I NEVER thought I would be a ‘runner’. I remember crying my way through the school cross country and dropping out of those dreaded bleep tests ahead of most of my peers. My journey into running started at the age of 29, motivated by a desire to get fitter and adopt a healthier diet. I will never forget how hard it felt initially – merely completing half a mile felt like an achievement, and I vividly recall the pride I felt after completing my first ever Parkrun.

Ironically, my pursuit of better health began making me ill and took a toll on my fertility. Drastically reducing fat intake led to me unknowingly under-fuelling my body for the exercise I was undertaking, resulting in secondary amenorrhoea. Desiring children, I had to stop running and prioritise proper nutrition for successful fertility treatment.

After welcoming three children into my life, the demands of being a working mum left little time for running. However, with the onset of the Covid pandemic in 2020, I found myself returning to running, recognising the importance of carving out time for myself amidst the chaos. I was supported by Lucy, a fellow member of the WRC, who helped me gradually increase my distance. Joining the WRC in April 2021 introduced me to many more fantastic running buddies, who inspired me to keep progressing. The idea of running a marathon never appealed to me, yet witnessing the achievements of fellow WRC members sparked a newfound ambition, leading me to complete three marathons in 2023 and achieve my PB at Abingdon in October.  

My most memorable experience this year is participating in The Grizzly along with four other WRC members. Despite initially dreading the 20 miles of hills and mud, it turned out to be the most enjoyable event I’ve ever done, and I hope to participate again next year. Although a loyal member of the WRC, I can usually be found running events in my “Fostering for Wiltshire” top raising awareness of the need to recruit more foster carers.

Nowadays I fuel my body properly (perhaps a little too well with all the chocolate and cake) and I keep on top of iron and B12 levels, deficiencies which are common amongst runners. I am passionate about speaking out about issues affecting female runners and encouraging others to look after their health.

April 24 Article

This month meet Kris (with a K) Rivers.  From Kovid to kompeting in lokal events and killing his PB times, here is his story:

Life sometimes throws curve balls, leading to unexpected places. For me, that place was running. The first curve-ball? The COVID lock downs. Stuck at home, I needed an outlet. That’s when I started running.

Between 2020 and 2022, life was very challenging, not just because of the pandemic. Running became more than just exercise; it became a sanctuary. It was a chance to put on my headphones, tune out the world, be out in the fresh air and simply feel free.

Looking to push myself further, make friends, and get to know local people. I joined the Warminster Running Club in January 2023. It was the perfect combination – training support and a fantastic group of people!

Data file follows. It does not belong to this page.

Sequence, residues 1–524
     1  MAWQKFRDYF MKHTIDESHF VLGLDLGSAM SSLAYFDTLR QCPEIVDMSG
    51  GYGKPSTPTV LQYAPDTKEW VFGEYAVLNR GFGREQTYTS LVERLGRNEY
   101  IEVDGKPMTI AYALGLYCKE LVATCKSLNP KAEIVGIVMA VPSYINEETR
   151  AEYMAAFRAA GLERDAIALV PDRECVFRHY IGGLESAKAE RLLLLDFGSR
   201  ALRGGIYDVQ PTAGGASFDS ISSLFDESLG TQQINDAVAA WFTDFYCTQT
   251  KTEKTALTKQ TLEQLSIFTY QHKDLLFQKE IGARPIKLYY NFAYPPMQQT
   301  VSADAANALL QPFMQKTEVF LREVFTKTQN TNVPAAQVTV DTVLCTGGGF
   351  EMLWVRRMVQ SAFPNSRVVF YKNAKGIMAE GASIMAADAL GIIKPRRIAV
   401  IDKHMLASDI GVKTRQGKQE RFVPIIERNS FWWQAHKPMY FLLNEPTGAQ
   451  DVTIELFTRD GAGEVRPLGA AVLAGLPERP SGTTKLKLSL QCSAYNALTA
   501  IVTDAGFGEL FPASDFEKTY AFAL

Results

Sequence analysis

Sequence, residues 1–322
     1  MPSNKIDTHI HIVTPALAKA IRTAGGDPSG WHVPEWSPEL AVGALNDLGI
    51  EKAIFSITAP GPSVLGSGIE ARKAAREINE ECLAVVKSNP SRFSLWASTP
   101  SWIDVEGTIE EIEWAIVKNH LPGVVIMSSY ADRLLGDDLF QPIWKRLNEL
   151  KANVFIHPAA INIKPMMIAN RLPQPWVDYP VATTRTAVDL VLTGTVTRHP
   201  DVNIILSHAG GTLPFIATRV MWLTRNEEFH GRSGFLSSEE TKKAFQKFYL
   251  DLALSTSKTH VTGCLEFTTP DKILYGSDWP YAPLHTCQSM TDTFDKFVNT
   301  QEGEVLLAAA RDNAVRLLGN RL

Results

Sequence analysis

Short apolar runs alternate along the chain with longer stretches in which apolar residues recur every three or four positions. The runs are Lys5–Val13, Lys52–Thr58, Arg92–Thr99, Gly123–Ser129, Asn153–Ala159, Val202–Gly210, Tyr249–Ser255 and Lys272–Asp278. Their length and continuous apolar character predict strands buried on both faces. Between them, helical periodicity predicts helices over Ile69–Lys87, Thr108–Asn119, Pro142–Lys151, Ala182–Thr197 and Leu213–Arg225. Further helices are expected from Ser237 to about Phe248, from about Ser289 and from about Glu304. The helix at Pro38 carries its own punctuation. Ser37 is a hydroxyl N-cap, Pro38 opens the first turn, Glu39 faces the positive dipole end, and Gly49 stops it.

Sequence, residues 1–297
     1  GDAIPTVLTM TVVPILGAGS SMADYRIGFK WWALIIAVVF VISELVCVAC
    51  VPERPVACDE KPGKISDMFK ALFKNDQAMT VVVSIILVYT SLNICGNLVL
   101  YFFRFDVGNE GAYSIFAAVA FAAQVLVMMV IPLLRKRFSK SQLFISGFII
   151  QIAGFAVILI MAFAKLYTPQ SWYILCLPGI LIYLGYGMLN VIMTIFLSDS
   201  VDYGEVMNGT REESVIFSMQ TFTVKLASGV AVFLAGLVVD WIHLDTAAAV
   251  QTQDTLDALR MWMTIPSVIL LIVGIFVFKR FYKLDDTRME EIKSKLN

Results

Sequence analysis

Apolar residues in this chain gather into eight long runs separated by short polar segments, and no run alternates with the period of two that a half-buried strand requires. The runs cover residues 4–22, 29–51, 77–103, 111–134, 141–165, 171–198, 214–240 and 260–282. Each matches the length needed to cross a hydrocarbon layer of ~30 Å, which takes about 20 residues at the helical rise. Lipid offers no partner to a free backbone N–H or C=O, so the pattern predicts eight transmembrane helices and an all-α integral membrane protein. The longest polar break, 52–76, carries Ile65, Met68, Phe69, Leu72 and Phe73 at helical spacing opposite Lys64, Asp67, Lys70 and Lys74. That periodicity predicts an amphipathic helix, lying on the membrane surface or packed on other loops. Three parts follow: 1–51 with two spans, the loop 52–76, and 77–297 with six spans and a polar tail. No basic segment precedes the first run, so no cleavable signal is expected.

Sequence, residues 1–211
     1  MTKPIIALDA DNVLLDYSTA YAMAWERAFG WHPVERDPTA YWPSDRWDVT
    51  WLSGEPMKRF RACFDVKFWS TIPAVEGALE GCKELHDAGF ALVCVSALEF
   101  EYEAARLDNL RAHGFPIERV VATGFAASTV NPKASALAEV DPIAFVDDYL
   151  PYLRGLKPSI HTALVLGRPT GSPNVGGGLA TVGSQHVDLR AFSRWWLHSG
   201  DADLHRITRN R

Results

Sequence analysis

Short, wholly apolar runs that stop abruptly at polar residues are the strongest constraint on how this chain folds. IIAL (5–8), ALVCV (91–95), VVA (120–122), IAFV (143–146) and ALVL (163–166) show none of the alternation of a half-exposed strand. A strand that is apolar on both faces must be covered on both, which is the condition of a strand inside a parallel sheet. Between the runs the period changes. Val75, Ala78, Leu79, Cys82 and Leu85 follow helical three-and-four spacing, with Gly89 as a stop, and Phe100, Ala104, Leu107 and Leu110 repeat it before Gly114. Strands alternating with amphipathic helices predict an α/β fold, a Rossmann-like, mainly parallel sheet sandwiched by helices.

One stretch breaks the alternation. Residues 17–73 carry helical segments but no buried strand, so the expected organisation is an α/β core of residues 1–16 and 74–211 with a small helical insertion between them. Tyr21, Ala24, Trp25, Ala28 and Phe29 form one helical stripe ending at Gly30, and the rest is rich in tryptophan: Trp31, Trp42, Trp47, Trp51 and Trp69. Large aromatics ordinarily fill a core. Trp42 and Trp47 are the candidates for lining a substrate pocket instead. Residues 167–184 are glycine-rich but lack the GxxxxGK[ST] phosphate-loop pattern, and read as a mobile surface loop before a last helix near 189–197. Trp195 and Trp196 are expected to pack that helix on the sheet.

With their encouragement, I completed my first official Half Marathon in Bath last October with a time of 1:45! The Longleat 10k hills were next, and recently the Bath Half again with a time of 1:39! A full marathon is definitely on the horizon, and who knows what other events await?

Looking back, I never imagined running would become such a big part of my life in such a short space of time. Here’s to new challenges this year, supportive running communities, and the incredible feeling of freedom and focus that comes with every stride!

March 24 Article

New to WRC, each month we will be posting a members blog where members will tell you a little about themselves. This month we would like to introduce you to Jody, if you want to know about local history, Roman ruins of Warminster or how to make a crop circle, then Jody has the answers:

My name is Jody and I live in Warminster with my husband, two grown up sons, one teenage son and two crazy spaniels.

I first started running in my thirties when I had just half an hour without children to get out and exercise the dog and myself. I began by run/walking for a mile, then running a mile and built up the distance until I was running 7 miles around the woods several times a week.  I found myself feeling elated that I could do something I never dreamt I could, luckily the dog loved it too!

I joined the running club in 2022 when I was no longer required to take children to clubs on Wednesday evenings. I especially enjoy the off road runs we do in the summer when the evenings are lighter, but I like the interval sessions too and they have improved my fitness.  Belonging to the club motivates me to get out on dark, wet evenings when it’s tempting to curl up by the fire, but I always feel better for getting out for a run and a bit of conversation.

Trail running is always my favourite, especially with my dogs and husband.  I really enjoy just travelling through the landscape spotting wildlife and looking at the views.  Happily, my regular running buddy Kate also loves nature, so our long runs quickly pass while we chat and identify which species we’ve seen.  Kate helped me to train for the Imber Ultra in March 2022, which is the race I am most proud of completing and I really enjoyed every minute.  I surprised myself on how far I could run, and my longtime ambition is to do a 50 mile ultra.

If you asked me when I was in my twenties if I was a runner, I would have laughed at you, but with the encouragement of my husband and friends (that includes the dogs) I feel like I can achieve anything……which probably explains the maniacal grin on my face when you see me out running!